SAN DIEGO — Jake Cronenworth may never have to pay for a drink in San Diego again.
Cronenworth’s game-winning, two-run single off left-hander Alex Vesia capped a stunning five-run rally in the seventh inning that propelled the Padres to a wild 5-3 win over the Dodgers in Game 4 of the National League Division Series on Saturday night at Petco Park, sending San Diego to its first NL Championship Series appearance in 24 years.
Cronenworth delivered the knockout blow against the 111-win Dodgers, snapping a 3-3 tie with a two-strike, two-out single to center field that brought home the decisive runs and sparked bedlam throughout the Gaslamp Quarter.
“It was incredible just to hear the crowd go insane,” Cronenworth said. “Pure elation.”
After being shut out through the first six innings, the Padres’ offense finally began to stir in the seventh, thanks largely to the table-setting efforts of the bottom of their lineup. Jurickson Profar drew a leadoff walk and Trent Grisham singled to put runners on the corners for Austin Nola, who chopped a bouncer that deflected off the glove of first baseman Freddie Freeman for an RBI single that cut the Dodgers’ lead to 3-1.
Ha-Seong Kim followed with an RBI double before Juan Soto tied the game with another single to right field. That brought up Cronenworth, who stepped up to the plate against right-handed reliever Yency Almonte with runners on the corners and two outs. Cronenworth initially showed bunt before pulling back and taking a 97 mph fastball from Almonte for a ball.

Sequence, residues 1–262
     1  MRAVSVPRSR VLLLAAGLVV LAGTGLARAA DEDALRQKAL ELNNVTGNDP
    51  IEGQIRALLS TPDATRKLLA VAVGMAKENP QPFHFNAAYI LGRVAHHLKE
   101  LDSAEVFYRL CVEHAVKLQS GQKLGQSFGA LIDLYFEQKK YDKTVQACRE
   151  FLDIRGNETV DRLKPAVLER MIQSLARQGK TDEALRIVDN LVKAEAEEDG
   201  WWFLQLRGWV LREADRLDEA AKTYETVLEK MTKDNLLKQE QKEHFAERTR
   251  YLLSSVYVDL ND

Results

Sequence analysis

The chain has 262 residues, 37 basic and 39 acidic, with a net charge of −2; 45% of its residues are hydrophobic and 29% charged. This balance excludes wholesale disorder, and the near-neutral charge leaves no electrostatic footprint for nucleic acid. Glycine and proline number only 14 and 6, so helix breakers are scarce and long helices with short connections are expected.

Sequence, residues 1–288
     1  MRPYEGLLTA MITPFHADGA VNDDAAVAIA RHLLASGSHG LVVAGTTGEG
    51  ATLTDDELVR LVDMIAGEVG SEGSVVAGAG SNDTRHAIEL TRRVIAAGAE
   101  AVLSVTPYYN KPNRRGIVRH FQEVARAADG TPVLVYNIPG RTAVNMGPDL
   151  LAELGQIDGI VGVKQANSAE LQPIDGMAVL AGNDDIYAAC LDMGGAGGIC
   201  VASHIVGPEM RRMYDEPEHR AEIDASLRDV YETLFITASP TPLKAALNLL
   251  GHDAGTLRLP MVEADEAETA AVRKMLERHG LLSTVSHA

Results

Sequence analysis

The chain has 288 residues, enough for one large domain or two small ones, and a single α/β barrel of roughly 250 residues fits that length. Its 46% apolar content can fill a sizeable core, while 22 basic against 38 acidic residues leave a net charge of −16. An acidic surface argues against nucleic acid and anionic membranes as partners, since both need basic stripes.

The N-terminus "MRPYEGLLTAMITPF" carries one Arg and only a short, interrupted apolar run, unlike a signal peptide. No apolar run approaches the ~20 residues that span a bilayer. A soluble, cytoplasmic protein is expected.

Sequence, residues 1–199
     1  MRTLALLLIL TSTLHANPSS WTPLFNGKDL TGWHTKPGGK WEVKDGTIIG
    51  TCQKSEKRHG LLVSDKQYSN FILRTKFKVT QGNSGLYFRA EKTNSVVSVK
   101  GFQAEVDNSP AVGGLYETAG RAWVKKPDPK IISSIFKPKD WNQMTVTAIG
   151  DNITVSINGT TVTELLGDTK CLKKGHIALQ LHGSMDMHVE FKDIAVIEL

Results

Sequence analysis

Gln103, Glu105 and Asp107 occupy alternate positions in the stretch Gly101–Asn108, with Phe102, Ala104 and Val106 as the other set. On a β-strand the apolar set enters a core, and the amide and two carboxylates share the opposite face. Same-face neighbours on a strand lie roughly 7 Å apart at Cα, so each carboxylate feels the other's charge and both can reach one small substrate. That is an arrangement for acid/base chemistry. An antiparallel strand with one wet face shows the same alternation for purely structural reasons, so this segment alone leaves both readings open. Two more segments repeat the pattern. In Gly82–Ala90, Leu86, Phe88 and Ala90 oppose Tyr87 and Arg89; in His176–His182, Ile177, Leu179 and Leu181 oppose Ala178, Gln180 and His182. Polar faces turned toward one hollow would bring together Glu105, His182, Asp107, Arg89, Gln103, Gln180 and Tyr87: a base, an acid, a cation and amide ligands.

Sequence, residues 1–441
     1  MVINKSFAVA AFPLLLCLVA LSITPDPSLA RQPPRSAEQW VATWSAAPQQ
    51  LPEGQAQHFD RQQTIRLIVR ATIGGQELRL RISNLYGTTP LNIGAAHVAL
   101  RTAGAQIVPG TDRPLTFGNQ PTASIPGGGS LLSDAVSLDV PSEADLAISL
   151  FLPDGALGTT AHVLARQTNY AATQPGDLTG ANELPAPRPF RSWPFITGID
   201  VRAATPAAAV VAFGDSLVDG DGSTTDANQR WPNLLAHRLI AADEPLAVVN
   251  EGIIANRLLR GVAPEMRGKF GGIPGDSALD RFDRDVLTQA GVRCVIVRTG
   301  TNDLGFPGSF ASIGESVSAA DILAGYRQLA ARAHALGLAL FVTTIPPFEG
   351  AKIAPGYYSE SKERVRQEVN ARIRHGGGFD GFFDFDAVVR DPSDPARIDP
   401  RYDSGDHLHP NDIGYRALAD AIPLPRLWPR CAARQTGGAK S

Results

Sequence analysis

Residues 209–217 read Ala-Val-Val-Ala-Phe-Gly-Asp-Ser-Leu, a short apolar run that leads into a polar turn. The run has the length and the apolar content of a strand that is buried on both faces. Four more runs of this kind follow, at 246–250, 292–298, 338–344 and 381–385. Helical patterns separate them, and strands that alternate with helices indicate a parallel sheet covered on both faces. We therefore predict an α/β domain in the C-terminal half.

After one pitch from Almonte, Dodgers manager Dave Roberts emerged from the dugout and made a mid-at-bat pitching change, summoning Vesia to face the left-handed-hitting Cronenworth.
“I thought they were going to bring him in earlier in the at-bat, just to start the at-bat, but I knew he wasn’t ready,” Cronenworth said. “It was kind of weird. I didn’t really know at the time. When [catcher] Will [Smith] went out to talk to Almonte, I knew they were going to bring in Vesia. I changed my approach and worked a completely different at-bat.”
Vesia inherited a 1-0 count, but he evened it to 1-1 with a fastball on the outside corner that was called a strike by home-plate umpire John Tumpane. Cronenworth fouled off another heater to get to two strikes before taking Vesia’s next pitch for a ball. Soto easily stole second on the play, shuffling into scoring position without a throw from the Dodgers.
“In that situation, most teams won’t throw down just because they don’t want the winning run to score,” Cronenworth said. “Obviously, he was trying to bait them to get them to do something, but they weren’t going to throw anyways. But yeah, getting to second was huge.”
“It’s all part of the strategy,” Soto said. “We were ready for it.”
Cronenworth came through on the next pitch, lining a hanging slider from Vesia into center to score Kim and Soto and put the Padres ahead by two. The 28-year-old infielder pumped his fist and roared after reaching second base, setting off a rocking celebration at Petco Park.
“Insanity,” starter Joe Musgrove said. “I can’t even explain it.”
Padres manager Bob Melvin said Cronenworth’s go-ahead hit was huge in more ways than one. If San Diego had failed to take the lead, Melvin could have been forced to burn many of his high-leverage relievers in a tie game, which might have left his bullpen compromised if the Dodgers rallied to force a decisive Game 5 at Dodger Stadium on Sunday.
“To be able to get the lead was huge because in a tie game, if we end up losing that game, we go to L.A. tomorrow with a really beat-up bullpen,” Melvin said.
Thanks to Cronenworth, the Padres won’t have to worry about making another trip to Los Angeles this year. They’ll instead turn their attention to the Phillies, who they’ll host in Game 1 of the NLCS on Tuesday night at Petco.
“They had our number in the regular season, but we turned it around at the end of the year,” Cronenworth said of the Dodgers. “We’re playing our best baseball right now.”